Also in the ‘oughts, spectators on the fire escapes of  the Ginney Flats, a tenement across the street, hurled spears fashioned from umbrella ribs at Giant outfielders. I’ll take flying Double AAs at Yankee Stadium any time.

 On June 10, 1910 ”the McGrawmen” struck back, when half the infield and the leftfielder answered taunts of “you’re yellow” by storming the stands, knocking the wrong man unconscious, and slugging everyone else within reach. Only the third baseman was arrested.

 2 celebrities with Washington Park roots:

The Superbas’ last season at Washington Park was Casey Stengel’s first in the majors. He hit .316 as a late season call-up.

Benny Kauff was a champagne-swilling daredevil and playboy called both “the first Joe Namath” and “the Ty Cobb of the Federal League”. Famous for his silk underwear, Benny’s every move was tabloid-fodder.  His celebrity was brief, ending permanently when he was banned from baseball for associating with car thieves. But, with the 1915 Brooklyns, he was the Federal League batting champ at .342.

Want to see Washington Park as it was when it was open? Check this site!

2008: The wall seems secure after a period where Con Ed wanted to raze it, but photographic evidence has emerged that the wall was built after the Federal League Tip Tops moved in, and so, the wall isn’t a relic of Dodger days.

 

Though Ebbets Field was torn down after the 1957 season, its cornerstone has been saved at the Baseball Hall of Fame in Cooperstown, NY.

 

 

 

 

 

These days the Ebbets Field site at Bedford Avenue and Sullivan Place is occupied by Ebbets Field Houses.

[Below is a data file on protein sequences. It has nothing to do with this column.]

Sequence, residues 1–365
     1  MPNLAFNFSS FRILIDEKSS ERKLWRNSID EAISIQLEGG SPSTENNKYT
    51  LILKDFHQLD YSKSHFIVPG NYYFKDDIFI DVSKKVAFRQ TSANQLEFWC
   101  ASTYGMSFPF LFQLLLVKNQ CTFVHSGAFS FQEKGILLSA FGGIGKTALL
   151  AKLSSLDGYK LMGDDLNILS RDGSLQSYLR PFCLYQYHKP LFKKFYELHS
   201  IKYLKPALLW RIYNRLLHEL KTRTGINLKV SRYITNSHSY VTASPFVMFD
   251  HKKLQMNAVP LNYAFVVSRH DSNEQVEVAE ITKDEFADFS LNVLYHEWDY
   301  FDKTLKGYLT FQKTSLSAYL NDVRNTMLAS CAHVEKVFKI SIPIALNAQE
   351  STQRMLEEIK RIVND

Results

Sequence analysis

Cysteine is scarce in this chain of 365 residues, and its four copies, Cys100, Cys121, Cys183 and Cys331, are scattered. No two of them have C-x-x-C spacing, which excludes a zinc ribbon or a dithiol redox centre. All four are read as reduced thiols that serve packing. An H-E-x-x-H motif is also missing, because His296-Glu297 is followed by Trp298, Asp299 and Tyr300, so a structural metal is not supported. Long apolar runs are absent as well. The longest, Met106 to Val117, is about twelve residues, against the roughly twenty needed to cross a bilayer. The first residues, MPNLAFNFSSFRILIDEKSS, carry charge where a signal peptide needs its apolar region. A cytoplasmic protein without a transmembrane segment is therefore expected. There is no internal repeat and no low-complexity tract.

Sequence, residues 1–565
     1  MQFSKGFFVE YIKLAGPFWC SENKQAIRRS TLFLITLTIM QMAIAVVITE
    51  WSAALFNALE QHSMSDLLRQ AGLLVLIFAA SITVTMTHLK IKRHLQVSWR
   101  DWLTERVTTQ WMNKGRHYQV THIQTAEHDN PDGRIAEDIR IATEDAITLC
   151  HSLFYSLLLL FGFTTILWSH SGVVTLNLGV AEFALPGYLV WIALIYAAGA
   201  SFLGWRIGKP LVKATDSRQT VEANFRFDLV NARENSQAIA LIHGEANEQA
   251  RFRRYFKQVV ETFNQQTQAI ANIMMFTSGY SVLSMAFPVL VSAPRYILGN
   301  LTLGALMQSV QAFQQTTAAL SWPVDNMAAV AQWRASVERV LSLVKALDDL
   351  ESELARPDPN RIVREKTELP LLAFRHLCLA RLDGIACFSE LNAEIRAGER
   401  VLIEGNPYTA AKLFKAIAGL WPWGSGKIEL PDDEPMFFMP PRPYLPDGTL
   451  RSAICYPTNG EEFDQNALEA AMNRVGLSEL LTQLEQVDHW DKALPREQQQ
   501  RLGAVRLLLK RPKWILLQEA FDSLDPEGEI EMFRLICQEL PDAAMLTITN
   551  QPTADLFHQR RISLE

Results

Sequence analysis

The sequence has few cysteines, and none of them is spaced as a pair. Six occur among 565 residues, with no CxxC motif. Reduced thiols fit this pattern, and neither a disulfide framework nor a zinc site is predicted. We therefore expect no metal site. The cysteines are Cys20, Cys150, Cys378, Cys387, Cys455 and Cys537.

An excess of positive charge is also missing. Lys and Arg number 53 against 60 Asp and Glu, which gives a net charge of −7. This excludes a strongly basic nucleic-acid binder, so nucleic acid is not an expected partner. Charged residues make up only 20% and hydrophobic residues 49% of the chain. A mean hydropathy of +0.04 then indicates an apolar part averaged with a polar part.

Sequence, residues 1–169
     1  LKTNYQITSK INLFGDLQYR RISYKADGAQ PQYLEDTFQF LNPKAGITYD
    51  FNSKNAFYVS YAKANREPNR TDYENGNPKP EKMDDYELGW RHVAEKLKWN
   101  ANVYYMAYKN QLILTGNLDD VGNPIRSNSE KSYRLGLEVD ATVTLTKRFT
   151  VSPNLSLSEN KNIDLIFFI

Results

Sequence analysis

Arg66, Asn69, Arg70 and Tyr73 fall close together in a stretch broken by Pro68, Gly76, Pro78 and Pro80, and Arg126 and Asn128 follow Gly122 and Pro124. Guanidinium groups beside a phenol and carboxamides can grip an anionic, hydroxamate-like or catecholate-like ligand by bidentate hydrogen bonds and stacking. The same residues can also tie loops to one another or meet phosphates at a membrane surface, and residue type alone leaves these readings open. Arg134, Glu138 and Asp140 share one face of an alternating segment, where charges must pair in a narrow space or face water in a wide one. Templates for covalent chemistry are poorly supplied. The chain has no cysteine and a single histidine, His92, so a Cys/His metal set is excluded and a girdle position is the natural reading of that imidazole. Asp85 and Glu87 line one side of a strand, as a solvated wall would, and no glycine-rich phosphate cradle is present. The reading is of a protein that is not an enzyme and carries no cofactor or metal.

This plaque at 133 Clinton Street in Brooklyn Heights commemorates the Brooklyn Excelsiors, Brooklyn’s first pro team, which, according to the plaque, helped spread the game throughout the country in the post Civil War years.

The original name of the Brooklyn Excelsiors was the Jolly Young Bachelors, which sounds like a band Morrissey might be interested in fronting.

11/14/1999; updated 2008





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4 Responses to A MAJOR LEAGUE WALL

  1. Alan Tafler says:

    Isn’t there still doubt and even confusion if this wall was anyway even connected to the old Brooklyn Dodgers?

  2. Dan says:

    A site dedicate to the history of all Brooklyn Ballparks – http://www.brooklynballparks.com/

  3. John Telesca says:

    You can get an amazing 1924 aerial view of the old ballpark at http://gis.nyc.gov/doitt/nycitymap/, at the time without its baseball diamond.

    It doesn’t resolve who built it (probably for the Federal League), but I don’t see an Old Stone House in Washington Park as far as I can see.

    By the way, the 5th Avenue el already had a station at 3rd Street so the story about adding a station does not make sense to me.